Plain X forwarding is fine on a LAN, but it's not really usable over ADSL.

Re:Fast remote X connection... (0)

gatkinso (15975) | more than 3 years ago | (#34636416)

Maybe ssh X11 forwarding with compression would help?

Re:Fast remote X connection... (1)

micheas (231635) | more than 3 years ago | (#34636828)

Maybe ssh X11 forwarding with compression would help?

What I have done to get X over ssh to work acceptably over dsl.

Set a simple theme for gtk and qt apps. Having images as the background for menu items seems to slow things down.

In addition to enabling compression, make sure that ssh is configured so that CompressionLevel is 9 instead of the default of 6.

Finally, if I am running a windowmanager remotely blackbox (and its offspring) are really light on network resources.

I have not had to do anything else to get things working acceptably.

New? (5, Informative)

RAMMS+EIN (578166) | more than 3 years ago | (#34636044)

Perhaps I don't remember it right, but in my recollection, NoMachine has always been a bit possessive with their (definitely impressive) technology. To the point that lesser alternatives have continued to be used and even developed.

Re:New? (5, Informative)

Trepidity (597) | more than 3 years ago | (#34636244)

Well, they previously opened under an "open source it but make the open-source version a pain-in-the-ass to use" business model. You got a random code dump that wasn't even buildable. However, there was code there, and it was possible to fix it up, which is what the FreeNX and OpenNX projects did (along with adding a few things). With no GPL release of the core libraries, it's no longer possible to even use it as a base for a cleaned-up open-source release--- either projects will have to independently develop a fork of the previous version, or come up with something else.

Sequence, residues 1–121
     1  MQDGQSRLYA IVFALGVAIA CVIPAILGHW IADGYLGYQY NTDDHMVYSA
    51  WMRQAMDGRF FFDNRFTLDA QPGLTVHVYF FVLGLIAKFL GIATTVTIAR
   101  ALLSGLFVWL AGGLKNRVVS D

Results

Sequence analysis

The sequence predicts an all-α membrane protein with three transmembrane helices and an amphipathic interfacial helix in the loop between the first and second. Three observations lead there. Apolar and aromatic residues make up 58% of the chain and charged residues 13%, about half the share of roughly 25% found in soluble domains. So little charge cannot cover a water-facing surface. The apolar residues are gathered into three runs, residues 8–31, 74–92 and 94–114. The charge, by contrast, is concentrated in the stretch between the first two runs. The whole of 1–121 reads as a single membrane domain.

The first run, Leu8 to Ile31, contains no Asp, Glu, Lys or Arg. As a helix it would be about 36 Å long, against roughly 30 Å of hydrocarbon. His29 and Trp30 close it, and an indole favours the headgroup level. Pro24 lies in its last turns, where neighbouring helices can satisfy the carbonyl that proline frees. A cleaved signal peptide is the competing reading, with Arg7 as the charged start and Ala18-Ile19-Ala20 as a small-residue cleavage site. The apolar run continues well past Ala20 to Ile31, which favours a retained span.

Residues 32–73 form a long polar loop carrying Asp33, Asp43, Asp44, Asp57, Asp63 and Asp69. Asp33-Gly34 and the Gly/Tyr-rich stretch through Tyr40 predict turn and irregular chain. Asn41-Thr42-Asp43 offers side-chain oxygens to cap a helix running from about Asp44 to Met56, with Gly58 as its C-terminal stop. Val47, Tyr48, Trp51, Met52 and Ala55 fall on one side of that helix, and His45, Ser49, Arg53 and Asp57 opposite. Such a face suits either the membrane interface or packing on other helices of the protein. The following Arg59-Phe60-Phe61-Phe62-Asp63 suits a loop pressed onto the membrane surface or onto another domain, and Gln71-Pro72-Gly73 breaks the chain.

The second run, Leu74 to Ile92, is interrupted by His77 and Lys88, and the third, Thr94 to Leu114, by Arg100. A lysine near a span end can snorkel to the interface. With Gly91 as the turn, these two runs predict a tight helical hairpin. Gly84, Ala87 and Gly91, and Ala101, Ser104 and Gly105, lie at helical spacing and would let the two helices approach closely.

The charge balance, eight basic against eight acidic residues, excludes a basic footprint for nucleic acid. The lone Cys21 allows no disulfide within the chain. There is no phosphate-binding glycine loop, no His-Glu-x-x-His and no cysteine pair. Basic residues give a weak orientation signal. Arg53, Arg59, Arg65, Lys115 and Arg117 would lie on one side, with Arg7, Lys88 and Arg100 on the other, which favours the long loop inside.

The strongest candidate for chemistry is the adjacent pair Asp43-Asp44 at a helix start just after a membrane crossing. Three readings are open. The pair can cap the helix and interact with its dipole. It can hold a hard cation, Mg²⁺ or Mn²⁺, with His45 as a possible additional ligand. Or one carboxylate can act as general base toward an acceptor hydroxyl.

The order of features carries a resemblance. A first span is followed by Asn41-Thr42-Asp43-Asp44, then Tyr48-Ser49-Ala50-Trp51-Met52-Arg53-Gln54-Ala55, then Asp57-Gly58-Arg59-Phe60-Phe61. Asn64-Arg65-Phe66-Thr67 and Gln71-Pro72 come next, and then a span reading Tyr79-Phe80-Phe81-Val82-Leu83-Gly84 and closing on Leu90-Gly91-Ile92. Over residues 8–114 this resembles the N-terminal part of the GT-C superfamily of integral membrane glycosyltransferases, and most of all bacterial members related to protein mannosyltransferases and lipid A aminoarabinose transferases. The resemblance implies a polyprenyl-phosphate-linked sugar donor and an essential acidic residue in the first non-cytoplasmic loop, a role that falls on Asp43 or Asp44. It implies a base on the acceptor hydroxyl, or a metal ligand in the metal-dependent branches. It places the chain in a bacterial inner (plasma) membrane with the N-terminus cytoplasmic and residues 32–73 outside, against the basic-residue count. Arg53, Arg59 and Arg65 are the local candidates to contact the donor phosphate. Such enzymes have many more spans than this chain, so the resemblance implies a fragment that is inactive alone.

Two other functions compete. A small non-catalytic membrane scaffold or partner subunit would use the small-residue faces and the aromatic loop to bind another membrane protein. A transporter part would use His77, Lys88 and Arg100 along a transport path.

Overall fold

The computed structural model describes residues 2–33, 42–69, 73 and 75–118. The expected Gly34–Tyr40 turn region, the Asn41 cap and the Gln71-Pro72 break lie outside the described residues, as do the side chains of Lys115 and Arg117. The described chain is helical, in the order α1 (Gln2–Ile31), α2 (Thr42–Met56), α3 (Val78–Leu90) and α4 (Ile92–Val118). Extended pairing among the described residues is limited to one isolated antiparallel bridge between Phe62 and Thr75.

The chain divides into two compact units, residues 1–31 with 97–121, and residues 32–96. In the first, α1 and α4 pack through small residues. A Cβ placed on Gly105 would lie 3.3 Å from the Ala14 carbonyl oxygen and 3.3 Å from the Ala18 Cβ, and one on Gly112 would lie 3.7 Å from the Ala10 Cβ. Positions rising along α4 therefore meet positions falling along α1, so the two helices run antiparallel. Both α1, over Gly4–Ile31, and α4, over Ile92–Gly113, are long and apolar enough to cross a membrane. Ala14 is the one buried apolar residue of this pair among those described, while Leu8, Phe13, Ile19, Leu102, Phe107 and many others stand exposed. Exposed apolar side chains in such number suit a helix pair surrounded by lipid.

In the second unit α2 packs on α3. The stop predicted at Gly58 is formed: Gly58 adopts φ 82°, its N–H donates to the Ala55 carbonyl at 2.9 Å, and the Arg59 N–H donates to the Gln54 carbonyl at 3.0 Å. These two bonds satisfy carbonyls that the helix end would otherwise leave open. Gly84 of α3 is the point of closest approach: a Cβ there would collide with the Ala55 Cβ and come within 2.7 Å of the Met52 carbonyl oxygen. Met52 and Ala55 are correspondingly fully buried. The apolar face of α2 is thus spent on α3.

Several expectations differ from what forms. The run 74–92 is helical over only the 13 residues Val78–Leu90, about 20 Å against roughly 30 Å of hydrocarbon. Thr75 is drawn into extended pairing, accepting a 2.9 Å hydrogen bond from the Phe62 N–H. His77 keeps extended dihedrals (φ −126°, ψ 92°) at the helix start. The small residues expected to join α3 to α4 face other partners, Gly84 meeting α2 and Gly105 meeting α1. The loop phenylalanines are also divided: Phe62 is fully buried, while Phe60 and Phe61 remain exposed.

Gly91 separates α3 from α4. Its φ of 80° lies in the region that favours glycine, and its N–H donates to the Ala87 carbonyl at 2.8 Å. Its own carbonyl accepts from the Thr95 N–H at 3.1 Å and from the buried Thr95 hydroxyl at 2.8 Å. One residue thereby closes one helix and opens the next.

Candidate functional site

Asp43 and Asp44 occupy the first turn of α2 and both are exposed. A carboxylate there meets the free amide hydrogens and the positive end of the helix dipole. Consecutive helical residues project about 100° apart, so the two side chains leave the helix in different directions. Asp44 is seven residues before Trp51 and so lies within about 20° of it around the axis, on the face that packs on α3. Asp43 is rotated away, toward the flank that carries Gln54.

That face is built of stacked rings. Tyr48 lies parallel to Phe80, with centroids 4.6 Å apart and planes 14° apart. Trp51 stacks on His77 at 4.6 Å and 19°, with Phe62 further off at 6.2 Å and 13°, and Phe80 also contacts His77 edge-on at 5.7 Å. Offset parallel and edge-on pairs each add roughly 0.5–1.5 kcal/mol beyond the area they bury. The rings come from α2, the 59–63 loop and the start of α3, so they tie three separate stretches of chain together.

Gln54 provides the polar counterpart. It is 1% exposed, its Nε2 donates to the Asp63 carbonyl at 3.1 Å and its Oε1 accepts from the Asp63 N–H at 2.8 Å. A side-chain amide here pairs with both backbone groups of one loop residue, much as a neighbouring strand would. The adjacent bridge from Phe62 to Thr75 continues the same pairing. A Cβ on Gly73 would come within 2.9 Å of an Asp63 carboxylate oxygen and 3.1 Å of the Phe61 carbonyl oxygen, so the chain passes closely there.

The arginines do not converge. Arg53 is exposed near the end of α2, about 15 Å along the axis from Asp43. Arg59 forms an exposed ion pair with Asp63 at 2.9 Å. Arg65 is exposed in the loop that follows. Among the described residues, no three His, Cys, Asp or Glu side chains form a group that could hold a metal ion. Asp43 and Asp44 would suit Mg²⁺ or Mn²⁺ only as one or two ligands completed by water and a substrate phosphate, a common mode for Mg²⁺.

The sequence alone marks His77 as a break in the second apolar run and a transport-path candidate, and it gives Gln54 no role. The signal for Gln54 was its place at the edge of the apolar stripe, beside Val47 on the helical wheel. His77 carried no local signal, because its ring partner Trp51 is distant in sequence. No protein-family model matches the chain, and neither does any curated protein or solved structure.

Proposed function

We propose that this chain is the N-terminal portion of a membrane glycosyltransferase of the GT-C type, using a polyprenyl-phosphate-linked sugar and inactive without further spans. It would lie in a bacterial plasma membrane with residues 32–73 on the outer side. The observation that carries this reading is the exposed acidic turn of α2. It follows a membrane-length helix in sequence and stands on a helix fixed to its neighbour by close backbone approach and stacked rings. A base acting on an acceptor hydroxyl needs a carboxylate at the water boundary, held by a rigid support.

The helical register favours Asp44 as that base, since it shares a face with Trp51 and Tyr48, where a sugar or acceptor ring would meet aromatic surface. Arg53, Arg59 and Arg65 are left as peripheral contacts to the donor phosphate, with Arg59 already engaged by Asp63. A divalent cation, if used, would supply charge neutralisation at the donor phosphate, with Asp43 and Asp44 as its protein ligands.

Re:New? (2)

mattdm (1931) | more than 3 years ago | (#34636500)

Presumably, the success of FreeNX and the advent of OpenNX is what pushed them over the edge -- the "code dump that no one can use hahaha" model wasn't working for them.

Re:New? (4, Informative)

Junta (36770) | more than 3 years ago | (#34636564)

I'm hoping this will be the impetus for the forks to abandon all pretense of interoperability with NoMachine's crap session management and do it right.

Re:New? (1)

Hatta (162192) | more than 3 years ago | (#34636298)

Indeed. It's like they *want* people to not use it.

Re:New? (2)

countSudoku() (1047544) | more than 3 years ago | (#34636390)

Yes, they want people to use VNC, like any normal person would do. What they really want is people to depend on their product, then lock them in with a new version that is paid, but that ain't gonna happen. VNC is just fine, and X11 is free, plus every company I've ever worked for wanted to buy my Hummingbird, so why would I even bother with NoMachine? The only admin who ever recommended it to me was of the Windows side of the house, and I'm not buying. So long, and thanks for all the fish!

Re:New? (0)

Anonymous Coward | more than 3 years ago | (#34636964)